Visit to York
Sunday, 10th March 2013
Rain and sleet made conditions less than ideal for those venturing up the scaffolding on the east front of York Minster. Despite the freezing conditions the trip was worthwhile as it offered a chance to to inspect the newly installed figures representing mediaeval diseases installed on the south east pinnacle. The carving is remarkably finely executed and much of the detail will be near impossible to read from the ground. Among the new grotesques were ones representing Edward the Black Prince, who died of dysentery, and a plague doctor.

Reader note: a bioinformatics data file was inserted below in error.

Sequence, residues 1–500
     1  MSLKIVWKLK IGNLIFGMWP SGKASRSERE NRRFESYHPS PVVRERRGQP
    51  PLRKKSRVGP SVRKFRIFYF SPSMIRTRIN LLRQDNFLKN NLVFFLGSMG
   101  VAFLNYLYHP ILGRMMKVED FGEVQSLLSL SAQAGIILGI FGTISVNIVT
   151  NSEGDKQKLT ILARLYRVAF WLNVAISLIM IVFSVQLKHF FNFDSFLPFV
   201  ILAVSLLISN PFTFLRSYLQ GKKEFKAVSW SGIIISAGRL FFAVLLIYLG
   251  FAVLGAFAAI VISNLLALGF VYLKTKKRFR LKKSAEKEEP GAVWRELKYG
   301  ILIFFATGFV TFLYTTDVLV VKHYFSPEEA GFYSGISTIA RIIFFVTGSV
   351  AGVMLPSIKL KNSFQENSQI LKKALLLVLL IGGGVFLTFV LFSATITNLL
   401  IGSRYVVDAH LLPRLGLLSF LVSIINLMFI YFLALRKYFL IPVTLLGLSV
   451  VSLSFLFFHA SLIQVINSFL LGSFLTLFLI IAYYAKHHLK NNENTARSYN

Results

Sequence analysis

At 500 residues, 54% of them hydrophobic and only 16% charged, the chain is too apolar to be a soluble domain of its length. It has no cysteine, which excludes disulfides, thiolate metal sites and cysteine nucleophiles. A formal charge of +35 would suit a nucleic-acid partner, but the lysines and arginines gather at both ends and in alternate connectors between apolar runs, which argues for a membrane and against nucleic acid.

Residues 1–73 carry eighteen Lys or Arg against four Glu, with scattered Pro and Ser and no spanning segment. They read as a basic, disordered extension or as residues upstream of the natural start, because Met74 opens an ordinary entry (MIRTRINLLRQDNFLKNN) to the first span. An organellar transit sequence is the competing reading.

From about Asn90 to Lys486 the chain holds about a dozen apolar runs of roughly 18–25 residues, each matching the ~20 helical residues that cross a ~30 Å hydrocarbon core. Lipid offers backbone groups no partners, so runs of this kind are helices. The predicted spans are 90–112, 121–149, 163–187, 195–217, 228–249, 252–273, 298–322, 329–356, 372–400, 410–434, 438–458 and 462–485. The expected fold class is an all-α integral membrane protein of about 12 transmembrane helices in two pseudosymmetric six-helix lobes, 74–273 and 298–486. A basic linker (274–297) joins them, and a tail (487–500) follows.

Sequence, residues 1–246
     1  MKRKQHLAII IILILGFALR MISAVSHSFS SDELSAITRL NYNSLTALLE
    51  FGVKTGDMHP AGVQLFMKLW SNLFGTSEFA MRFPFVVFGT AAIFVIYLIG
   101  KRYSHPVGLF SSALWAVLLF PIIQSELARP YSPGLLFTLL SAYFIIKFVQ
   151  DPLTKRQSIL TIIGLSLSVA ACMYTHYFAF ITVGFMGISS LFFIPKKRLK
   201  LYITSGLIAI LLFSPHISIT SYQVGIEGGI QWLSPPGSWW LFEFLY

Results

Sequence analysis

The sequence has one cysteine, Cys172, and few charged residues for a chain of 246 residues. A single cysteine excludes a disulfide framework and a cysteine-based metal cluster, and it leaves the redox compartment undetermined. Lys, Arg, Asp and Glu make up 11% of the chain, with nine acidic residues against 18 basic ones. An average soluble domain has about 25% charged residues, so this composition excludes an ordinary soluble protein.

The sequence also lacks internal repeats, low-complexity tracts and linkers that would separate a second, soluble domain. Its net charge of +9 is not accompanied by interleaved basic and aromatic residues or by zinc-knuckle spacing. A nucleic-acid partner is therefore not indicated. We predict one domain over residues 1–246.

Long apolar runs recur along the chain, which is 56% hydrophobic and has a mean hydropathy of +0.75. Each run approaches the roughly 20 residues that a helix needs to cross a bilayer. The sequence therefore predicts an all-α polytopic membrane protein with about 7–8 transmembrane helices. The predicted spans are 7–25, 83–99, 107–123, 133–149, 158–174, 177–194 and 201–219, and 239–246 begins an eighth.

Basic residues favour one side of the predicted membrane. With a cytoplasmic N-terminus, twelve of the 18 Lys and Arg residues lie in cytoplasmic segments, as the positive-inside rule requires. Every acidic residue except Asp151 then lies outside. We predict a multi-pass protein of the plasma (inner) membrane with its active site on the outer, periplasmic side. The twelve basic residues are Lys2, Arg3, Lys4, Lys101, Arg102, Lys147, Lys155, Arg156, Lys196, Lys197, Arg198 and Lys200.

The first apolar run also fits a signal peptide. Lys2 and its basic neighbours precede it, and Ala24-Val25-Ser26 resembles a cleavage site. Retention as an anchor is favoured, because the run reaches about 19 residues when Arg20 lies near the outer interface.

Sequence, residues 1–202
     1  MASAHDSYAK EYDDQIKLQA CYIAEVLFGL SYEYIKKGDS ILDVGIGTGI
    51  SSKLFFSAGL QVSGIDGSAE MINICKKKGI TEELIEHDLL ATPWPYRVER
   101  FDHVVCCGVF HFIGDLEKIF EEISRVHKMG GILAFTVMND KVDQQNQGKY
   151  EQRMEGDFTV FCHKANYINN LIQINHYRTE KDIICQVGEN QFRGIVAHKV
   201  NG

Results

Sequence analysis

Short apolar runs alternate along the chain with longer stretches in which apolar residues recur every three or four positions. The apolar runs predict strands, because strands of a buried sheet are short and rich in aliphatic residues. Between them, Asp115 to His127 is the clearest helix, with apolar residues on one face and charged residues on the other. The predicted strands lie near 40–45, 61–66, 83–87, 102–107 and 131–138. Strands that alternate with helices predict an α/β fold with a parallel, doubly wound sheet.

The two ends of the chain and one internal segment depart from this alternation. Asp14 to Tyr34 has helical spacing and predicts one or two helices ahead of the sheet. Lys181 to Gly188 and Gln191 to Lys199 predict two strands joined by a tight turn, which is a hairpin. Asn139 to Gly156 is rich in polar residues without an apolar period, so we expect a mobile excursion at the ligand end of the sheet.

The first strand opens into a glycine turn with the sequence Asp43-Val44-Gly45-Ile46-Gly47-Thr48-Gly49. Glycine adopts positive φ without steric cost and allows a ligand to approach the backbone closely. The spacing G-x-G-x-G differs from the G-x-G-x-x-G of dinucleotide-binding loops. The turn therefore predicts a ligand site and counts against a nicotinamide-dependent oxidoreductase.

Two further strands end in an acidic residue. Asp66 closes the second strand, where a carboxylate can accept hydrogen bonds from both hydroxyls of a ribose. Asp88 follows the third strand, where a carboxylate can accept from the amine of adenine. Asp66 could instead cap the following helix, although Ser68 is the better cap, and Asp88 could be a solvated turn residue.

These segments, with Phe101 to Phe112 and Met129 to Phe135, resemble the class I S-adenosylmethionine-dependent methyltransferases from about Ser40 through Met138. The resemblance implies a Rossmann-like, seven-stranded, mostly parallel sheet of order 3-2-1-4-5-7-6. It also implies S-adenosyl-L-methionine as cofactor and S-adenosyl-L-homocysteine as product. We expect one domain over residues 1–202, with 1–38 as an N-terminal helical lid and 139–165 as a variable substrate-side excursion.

In the afternoon the York Georgian Society’s annual talk was delivered by Professor Tom Williamson. In advance of the tercentenary of Lancelot “Capability” Brown, Prof. Williamson examined the broader context of the landscape architect’s work. In particular he noted that the mature landscapes of native trees, with which Brown is now associated, do not represent the original planting schemes which often included short lived conifers and flowering shrubs. The role of the park as a source of food was also examined.
Photographs taken from the scaffolding can be seen by following the link below: